Alabama cow tests positive for mad cow disease; no risk to public

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Stock photo / FDA Consumer

MONTGOMERY – The commissioner of the Alabama Department of Agriculture and Industries, John McMillan, confirmed this week that the department is working with USDA officials to address a positive test for atypical bovine spongiform encephalopathy (BSE), commonly known as mad cow disease, in an 11-year-old Alabama beef cow.

No risk to public health

This was an atypical BSE case, meaning it is a rare and spontaneous incident. The animal was discovered during routine surveillance at an Alabama livestock market. This animal never entered slaughter channels and at no time presented a risk to food supply or to human health.

Following delivery to the livestock market the cow later died at that location. Routine tissue samples were taken and sent to diagnostic laboratories in Colorado and Iowa for testing and confirmation. The results were confirmed for atypical BSE at the USDA laboratory in Ames, Iowa.

Unlike previous cases of classical BSE, this case is not the result of ruminant by-products being fed to ruminants. The United States banned the use of such protein supplements in cattle in 1997. In 2009, the USDA implemented the enhanced surveillance testing programs to protect animal and human health. Included in the regulation was the removal of specified risk materials – or the parts of an animal that would contain BSE – from all animals presented for slaughter. Another important component of the system – which led to this detection – is the ongoing BSE surveillance program that allows the USDA to detect the disease in the U.S. cattle population.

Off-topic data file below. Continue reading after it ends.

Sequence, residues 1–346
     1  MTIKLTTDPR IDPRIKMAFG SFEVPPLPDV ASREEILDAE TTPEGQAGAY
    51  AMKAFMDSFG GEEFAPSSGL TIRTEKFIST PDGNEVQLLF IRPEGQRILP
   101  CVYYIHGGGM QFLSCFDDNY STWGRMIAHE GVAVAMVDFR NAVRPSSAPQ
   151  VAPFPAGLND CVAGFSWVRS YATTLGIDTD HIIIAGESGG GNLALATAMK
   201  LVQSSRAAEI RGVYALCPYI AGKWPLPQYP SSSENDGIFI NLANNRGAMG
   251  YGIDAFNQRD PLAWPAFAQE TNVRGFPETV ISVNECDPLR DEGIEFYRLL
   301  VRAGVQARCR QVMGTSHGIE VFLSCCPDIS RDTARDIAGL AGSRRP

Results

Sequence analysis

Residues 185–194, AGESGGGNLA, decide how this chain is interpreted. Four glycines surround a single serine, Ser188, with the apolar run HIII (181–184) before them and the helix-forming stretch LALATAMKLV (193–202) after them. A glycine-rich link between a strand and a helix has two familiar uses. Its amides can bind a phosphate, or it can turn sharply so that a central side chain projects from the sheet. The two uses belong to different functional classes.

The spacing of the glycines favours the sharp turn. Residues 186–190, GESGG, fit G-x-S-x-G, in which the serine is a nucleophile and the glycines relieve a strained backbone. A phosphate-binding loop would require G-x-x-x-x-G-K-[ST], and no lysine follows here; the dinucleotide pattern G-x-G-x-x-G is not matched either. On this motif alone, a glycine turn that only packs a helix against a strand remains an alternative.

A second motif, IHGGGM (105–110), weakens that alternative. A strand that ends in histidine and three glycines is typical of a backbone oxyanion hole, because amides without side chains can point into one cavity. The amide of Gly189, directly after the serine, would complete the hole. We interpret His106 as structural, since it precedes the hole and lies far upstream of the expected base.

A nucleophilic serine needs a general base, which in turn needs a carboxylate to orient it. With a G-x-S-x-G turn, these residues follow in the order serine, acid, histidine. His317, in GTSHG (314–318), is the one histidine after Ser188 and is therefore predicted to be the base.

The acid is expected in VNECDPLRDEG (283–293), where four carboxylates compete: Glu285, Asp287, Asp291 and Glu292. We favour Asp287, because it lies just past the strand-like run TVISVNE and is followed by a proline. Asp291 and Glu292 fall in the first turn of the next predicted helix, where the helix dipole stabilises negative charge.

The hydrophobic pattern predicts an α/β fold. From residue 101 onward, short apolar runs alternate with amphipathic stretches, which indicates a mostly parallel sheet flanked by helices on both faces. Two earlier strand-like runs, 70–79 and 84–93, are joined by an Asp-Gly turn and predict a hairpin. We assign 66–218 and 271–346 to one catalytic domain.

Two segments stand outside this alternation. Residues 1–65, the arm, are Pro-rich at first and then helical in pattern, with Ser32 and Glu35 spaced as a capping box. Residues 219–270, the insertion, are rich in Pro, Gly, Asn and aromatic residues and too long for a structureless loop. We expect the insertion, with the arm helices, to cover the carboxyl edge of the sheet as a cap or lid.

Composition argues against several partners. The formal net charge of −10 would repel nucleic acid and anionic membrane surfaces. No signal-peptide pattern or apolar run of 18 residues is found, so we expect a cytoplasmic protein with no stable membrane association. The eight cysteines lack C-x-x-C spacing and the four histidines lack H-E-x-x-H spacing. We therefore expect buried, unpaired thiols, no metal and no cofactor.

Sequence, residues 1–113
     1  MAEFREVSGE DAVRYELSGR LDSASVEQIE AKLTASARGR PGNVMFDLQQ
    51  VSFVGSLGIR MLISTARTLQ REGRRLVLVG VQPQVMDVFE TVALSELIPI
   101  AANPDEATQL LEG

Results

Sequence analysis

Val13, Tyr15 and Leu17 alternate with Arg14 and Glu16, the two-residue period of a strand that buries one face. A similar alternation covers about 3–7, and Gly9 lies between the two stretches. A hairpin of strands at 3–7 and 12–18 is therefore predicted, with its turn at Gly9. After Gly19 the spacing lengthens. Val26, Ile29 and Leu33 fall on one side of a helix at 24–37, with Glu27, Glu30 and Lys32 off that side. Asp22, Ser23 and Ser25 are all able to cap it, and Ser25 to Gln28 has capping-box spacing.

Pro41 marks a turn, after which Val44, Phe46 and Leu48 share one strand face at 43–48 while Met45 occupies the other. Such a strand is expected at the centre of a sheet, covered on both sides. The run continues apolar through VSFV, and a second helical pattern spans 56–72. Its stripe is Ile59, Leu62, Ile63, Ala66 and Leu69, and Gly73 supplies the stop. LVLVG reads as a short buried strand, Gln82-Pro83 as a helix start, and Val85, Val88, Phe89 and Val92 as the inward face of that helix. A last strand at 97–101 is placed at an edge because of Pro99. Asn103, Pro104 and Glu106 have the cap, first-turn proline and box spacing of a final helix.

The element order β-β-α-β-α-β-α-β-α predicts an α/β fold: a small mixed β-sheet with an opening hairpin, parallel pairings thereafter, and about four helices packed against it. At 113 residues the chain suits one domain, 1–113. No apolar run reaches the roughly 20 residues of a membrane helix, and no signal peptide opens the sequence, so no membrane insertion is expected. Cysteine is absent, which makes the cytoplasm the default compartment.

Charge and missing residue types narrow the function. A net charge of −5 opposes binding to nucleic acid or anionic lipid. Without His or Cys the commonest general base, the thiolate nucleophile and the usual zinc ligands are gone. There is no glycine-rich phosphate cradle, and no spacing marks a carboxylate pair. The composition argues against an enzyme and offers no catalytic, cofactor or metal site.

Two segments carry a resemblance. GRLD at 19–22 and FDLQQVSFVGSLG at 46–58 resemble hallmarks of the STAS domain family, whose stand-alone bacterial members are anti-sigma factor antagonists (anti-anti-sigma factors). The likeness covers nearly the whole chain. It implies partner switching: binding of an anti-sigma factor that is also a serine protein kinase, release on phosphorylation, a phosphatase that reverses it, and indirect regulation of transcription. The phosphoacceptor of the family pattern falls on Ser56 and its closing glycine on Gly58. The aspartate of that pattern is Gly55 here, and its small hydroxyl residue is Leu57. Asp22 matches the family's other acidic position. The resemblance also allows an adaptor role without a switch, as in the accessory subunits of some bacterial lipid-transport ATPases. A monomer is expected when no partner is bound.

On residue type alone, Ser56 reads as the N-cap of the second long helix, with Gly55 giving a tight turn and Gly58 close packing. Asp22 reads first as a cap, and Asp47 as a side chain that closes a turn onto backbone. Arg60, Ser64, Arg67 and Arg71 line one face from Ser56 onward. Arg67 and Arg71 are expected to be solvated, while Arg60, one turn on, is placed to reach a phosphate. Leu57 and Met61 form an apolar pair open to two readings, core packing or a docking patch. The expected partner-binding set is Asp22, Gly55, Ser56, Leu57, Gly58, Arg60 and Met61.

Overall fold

“The Alabama beef industry is vital to our state’s agriculture economy,” said McMillan. “The response to this case by USDA officials and our department’s professionals led by State Veterinarian Dr. Tony Frazier has been exemplary. This instance proves to us that our ongoing surveillance program is working effectively.”

Frazier added, “The ADAI conducts routine surveillance that includes collecting samples by trained field staff and veterinarians and has a response plan in place.”

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